Remote workers in Spain will be anxiously awaiting the decision on whether or not a new law to protect their rights will be passed.
A PROPOSAL is being put forward that would protect the rights of staff that work from home in Spain, and will be closely monitored by those stuck in front of their monitors.
The law, if passed, would be a welcomed relief for many employees typing away at home, as it would see companies have to pay for home-office equipment, such as computers and keyboards.
The proposal comes from Labour Minister Yolanda Diaz of Podemos, the left-wing partner in Spain’s ruling coalition.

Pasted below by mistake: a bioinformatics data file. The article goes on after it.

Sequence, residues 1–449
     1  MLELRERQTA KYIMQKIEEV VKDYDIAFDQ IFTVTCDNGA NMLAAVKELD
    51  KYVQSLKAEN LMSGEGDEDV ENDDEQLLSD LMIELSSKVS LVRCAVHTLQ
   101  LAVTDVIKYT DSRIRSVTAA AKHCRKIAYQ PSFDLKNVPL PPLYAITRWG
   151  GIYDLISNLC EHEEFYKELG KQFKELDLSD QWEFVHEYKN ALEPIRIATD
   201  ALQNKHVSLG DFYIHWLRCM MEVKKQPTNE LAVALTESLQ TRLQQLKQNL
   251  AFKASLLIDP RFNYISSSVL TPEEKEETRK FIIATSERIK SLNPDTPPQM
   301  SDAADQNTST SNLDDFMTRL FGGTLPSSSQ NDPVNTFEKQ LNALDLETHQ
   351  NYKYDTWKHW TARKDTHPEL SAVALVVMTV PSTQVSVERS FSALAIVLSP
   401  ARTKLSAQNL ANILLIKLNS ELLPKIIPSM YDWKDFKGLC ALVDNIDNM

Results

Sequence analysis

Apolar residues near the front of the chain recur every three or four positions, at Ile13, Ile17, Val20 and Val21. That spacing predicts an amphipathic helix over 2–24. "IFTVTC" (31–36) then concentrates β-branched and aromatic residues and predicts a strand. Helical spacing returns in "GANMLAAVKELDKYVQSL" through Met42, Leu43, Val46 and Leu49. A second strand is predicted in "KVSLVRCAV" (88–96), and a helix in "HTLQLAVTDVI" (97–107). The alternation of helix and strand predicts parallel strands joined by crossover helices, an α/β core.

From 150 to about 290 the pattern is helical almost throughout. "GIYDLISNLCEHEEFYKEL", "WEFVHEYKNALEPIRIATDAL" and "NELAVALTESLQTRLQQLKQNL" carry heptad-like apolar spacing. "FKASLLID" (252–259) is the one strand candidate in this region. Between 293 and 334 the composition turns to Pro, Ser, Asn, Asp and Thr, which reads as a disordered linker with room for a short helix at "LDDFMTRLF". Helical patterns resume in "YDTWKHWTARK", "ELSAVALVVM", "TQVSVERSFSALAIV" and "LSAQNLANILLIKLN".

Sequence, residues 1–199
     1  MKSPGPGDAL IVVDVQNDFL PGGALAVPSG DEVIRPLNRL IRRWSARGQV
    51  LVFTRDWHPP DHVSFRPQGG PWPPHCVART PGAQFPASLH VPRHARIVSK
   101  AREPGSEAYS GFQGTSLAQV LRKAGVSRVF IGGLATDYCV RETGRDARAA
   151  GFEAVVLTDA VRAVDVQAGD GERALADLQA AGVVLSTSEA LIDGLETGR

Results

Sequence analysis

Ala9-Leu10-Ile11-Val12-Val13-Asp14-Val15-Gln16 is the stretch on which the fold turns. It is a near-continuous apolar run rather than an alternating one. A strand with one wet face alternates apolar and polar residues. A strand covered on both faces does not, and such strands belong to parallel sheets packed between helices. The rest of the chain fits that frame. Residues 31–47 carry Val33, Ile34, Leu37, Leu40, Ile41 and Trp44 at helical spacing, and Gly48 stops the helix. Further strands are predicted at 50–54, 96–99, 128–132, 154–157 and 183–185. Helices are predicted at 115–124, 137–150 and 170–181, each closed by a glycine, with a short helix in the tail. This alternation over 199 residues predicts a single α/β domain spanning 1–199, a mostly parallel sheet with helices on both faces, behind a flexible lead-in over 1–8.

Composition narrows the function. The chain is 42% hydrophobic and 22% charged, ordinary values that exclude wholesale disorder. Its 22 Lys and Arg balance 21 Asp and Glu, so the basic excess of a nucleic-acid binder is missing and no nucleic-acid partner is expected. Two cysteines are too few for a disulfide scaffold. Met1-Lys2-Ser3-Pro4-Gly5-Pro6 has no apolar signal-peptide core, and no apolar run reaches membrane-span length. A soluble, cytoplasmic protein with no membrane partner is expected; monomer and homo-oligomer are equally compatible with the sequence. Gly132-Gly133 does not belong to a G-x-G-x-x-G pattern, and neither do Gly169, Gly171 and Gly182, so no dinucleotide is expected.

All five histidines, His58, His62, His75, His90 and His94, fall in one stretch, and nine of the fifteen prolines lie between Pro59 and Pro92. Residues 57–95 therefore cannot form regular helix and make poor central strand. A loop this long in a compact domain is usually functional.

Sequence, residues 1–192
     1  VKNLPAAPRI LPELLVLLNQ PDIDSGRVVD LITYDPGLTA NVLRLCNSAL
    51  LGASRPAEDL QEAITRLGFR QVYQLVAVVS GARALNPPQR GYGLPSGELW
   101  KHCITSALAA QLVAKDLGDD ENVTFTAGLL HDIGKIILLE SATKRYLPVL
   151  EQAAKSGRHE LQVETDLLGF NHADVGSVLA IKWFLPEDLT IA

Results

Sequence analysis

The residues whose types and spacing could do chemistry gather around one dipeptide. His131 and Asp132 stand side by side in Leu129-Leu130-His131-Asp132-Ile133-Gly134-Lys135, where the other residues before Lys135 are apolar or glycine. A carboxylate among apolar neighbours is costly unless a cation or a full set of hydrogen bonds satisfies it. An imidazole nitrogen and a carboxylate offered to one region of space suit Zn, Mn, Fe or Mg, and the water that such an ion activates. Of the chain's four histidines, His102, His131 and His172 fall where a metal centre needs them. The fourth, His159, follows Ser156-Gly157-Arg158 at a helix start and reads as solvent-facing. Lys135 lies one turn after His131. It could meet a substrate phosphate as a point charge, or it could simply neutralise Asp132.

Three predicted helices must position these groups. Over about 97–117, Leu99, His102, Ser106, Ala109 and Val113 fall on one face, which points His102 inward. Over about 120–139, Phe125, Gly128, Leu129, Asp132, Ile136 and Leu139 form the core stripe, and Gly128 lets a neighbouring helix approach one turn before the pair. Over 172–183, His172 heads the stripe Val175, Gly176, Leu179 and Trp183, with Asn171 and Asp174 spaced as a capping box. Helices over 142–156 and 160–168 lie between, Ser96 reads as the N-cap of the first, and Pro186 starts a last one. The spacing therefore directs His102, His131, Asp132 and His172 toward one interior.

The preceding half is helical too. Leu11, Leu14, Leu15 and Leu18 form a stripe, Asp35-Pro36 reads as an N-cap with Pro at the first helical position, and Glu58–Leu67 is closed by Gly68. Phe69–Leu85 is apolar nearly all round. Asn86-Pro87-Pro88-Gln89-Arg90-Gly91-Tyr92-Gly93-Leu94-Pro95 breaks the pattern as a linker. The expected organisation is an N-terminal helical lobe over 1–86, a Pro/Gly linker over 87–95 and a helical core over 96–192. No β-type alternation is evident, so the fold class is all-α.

The number of people working from home rose during the pandemic with many companies continuing that practice since further restrictions have been placed on many businesses.
To be classed as a remote worker according to the proposal, that will be decided upon this month, an employee must be working from home more than once a week.
The proposed new law states that remote working must be agreed on by both employer and employee, however, a worker can ask to return to the office.
Attendance of work, according to the agreement, would have to be monitored in a way that “does not compromise workers’ dignity.”
Company webcams watching their workers would not be permitted as per the new law.
A stumbling block that the new law could fall on is to do with costs, with talks of companies covering ‘the entirety’ of workers’ expenses at home being a contentious point that will no doubt require further talks.